For Prius Hybrid batteries, the nominal voltage varies, a lot:
2000 Gen 2: 274 V
2004 Gen 3: 202 V
2010 Gen 4: 202 V
Do not overcharge. For a Prius, if the nominal charge voltage is 202V, the operating range is 100 to 235V during the normal charge/discharge cycle in operation in the car, so 200V is a great place to stop.
The charge rate is deliberately low so that there is little chance of overheating the battery. Compared to the maximum charge/discharge rate of a Prius cell in normal operation (Charge +40, Discharge -90 amps), 3A is insignificant, about 0.23 watts per normal cell at maximum charge rate. However, please note that if the battery is completely dead and will not take a charge, it could be overheated if you leave it charging at 3A for hours. Also, experience shows that some batteries which have not held a charge for a long time will have much lower capacity than normal, and reach 200 or 300V in seconds. You have to watch the charge process at least for the first five minutes and check on it every thirty minutes after that to be sure problems aren’t developing.
11) When the set charge is reached, the green “charge complete” light will come on again, the alarm will sound. Please note: because the circuit has disconnected high voltage from the battery, the red DVM will show the voltage available for charging, not the voltage on the battery. Charging may stop and start cyclically.
12) Turn off the HVDC and main power switches. In an emergency, the main power switch is your safety switch. You can turn off this switch at any time. Its contacts will tolerate the transient voltage.
13) Disconnect the charging cables and, after a minute or so, short them together for safety.
Efficiency: This device is 90% efficient. Operating into a dead short, it only generates 20W of waste heat.
Safety: Other chargers use transformers (heavy and hot) or high frequency IGBT’s [Insulated gate, bipolar transistors]. If the IGBT fails, nothing stands between the battery with its 30kW output and the power mains. Our charger provides an automatic limit on the charge voltage that can be attained, guarding against battery fires if the device is left unattended.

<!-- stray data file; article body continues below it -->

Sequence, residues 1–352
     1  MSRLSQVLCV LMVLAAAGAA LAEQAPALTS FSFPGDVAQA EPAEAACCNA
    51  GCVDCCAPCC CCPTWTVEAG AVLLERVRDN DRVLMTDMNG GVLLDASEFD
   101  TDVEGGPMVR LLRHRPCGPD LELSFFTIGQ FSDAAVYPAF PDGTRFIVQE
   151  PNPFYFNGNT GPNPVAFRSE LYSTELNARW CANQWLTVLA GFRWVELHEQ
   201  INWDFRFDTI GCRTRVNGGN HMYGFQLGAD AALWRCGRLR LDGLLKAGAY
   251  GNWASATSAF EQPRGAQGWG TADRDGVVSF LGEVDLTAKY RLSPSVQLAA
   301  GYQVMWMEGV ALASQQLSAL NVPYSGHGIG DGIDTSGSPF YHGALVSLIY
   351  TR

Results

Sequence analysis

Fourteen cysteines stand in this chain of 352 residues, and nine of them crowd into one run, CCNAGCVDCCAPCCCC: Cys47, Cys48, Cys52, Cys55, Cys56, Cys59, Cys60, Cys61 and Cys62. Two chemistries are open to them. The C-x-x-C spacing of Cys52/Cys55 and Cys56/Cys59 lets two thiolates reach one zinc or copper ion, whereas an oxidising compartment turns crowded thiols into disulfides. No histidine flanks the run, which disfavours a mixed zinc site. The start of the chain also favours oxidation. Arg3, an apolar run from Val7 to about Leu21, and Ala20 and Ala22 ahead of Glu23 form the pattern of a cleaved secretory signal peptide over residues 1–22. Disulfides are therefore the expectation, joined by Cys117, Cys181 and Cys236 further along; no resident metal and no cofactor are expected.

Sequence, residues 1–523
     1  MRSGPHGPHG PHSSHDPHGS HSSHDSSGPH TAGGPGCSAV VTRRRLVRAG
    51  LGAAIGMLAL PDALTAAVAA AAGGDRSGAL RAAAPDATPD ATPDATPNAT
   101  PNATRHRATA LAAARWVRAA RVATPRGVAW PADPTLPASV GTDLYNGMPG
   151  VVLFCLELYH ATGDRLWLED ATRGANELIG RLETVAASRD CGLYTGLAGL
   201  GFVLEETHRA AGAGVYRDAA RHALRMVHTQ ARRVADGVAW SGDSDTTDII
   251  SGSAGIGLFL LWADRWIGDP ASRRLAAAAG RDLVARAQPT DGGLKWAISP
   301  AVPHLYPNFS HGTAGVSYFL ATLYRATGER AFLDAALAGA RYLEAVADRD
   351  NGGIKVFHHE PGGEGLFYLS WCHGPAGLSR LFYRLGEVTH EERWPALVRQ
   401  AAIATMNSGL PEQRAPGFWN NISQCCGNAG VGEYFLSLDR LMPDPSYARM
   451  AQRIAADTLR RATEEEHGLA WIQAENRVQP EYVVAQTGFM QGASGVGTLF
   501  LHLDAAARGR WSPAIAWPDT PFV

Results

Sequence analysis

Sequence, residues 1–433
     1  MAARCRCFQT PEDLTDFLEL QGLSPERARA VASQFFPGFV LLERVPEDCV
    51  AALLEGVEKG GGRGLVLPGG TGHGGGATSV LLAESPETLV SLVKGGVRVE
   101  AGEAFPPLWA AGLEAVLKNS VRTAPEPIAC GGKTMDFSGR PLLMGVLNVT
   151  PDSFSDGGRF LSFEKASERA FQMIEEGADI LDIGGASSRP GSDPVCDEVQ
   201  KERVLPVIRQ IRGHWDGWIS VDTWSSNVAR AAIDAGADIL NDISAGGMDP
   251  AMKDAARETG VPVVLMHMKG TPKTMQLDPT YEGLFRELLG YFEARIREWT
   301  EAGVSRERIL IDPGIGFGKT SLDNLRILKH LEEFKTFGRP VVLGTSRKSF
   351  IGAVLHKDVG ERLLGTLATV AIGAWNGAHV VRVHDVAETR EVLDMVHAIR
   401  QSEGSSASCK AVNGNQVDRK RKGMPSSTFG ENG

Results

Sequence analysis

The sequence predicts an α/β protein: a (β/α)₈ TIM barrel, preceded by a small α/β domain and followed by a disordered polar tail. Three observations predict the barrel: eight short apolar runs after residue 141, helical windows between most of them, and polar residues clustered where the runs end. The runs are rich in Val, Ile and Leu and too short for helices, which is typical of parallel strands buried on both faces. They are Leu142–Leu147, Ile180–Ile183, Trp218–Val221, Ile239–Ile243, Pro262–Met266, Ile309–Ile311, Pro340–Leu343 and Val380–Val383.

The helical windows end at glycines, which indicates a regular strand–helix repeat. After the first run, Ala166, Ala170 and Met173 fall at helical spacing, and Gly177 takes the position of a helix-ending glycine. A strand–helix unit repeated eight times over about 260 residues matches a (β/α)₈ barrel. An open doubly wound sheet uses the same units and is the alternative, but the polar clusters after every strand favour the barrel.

Four Levels of Safety in the Design:
1. Our Solid state relay will not conduct in the reverse direction, operated within ratings.
2. A tested snubber circuit prevents sudden spikes in the reverse direction.
3.The only way the attached battery could discharge is through 1kV of diode rating and an 800V capacitor.
4. Even if all these break down, 480V, 12A fuses and a 50A thermal breaker are in series with the battery lead.
Taken together, these features guarantee the device is utterly safe against a battery reverse discharge through the unit itself.
Safe Operating Procedures:
Never connect a battery in reverse polarity to the charger. The red cable is plus and the black one minus!
Never turn the device on without the charging leads being connected to something. It’s OK to have them shorted together, although there’s no point in leaving the power on when they are shorted.
Always wear suitable high-voltage protective gloves whenever you are handling the high-voltage leads and clips or working near the battery.
Never change fuses while the main power switch is on.
Keep the device away from water, humidity and steam.
Keep the device in a well-ventilated space. If the fan ever becomes plugged with lint, etc., use a gentle air stream to clear it. If the fan stops, do not use the device. Return it for repair within warranty.
There is an internal resistor which automatically discharges the capacitors in the unit after the power is turned off. The only way you will come in contact with high voltage generated by the unit after power is turned off is if the HVDC switch is left on, the charging cables are not shorted together, and that only for sixty seconds.
To place an order for the charger, contact us at 505-466-3877 or the email address below. We do use PayPal.